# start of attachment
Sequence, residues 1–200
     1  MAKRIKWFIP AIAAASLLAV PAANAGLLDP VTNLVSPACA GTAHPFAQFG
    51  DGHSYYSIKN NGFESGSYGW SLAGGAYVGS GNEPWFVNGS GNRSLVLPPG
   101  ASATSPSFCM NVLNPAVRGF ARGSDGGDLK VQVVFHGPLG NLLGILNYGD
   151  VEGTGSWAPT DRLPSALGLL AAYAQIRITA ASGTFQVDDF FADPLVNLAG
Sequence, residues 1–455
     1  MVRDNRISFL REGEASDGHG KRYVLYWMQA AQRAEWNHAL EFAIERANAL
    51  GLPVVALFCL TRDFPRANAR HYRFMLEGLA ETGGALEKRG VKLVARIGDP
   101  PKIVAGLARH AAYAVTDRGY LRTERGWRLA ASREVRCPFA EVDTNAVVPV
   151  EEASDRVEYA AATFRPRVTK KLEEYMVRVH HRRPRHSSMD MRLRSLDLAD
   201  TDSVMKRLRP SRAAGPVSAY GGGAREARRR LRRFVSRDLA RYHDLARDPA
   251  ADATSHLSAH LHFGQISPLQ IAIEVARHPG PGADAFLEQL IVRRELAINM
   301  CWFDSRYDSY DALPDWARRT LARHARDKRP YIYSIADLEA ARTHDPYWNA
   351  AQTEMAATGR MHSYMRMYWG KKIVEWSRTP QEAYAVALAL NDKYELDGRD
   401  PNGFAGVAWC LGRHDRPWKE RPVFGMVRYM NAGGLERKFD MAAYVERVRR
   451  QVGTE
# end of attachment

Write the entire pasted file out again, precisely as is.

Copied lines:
Sequence, residues 1–200
     1  MAKRIKWFIP AIAAASLLAV PAANAGLLDP VTNLVSPACA GTAHPFAQFG
    51  DGHSYYSIKN NGFESGSYGW SLAGGAYVGS GNEPWFVNGS GNRSLVLPPG
   101  ASATSPSFCM NVLNPAVRGF ARGSDGGDLK VQVVFHGPLG NLLGILNYGD
   151  VEGTGSWAPT DRLPSALGLL AAYAQIRITA ASGTFQVDDF FADPLVNLAG
Sequence, residues 1–455
     1  MVRDNRISFL REGEASDGHG KRYVLYWMQA AQRAEWNHAL EFAIERANAL
    51  GLPVVALFCL TRDFPRANAR HYRFMLEGLA ETGGALEKRG VKLVARIGDP
   101  PKIVAGLARH AAYAVTDRGY LRTERGWRLA ASREVRCPFA EVDTNAVVPV
   151  EEASDRVEYA AATFRPRVTK KLEEYMVRVH HRRPRHSSMD MRLRSLDLAD
   201  TDSVMKRLRP SRAAGPVSAY GGGAREARRR LRRFVSRDLA RYHDLARDPA
   251  ADATSHLSAH LHFGQISPLQ IAIEVARHPG PGADAFLEQL IVRRELAINM
   301  CWFDSRYDSY DALPDWARRT LARHARDKRP YIYSIADLEA ARTHDPYWNA
   351  AQTEMAATGR MHSYMRMYWG KKIVEWSRTP QEAYAVALAL NDKYELDGRD
   401  PNGFAGVAWC LGRHDRPWKE RPVFGMVRYM NAGGLERKFD MAAYVERVRR
   451  QVGTE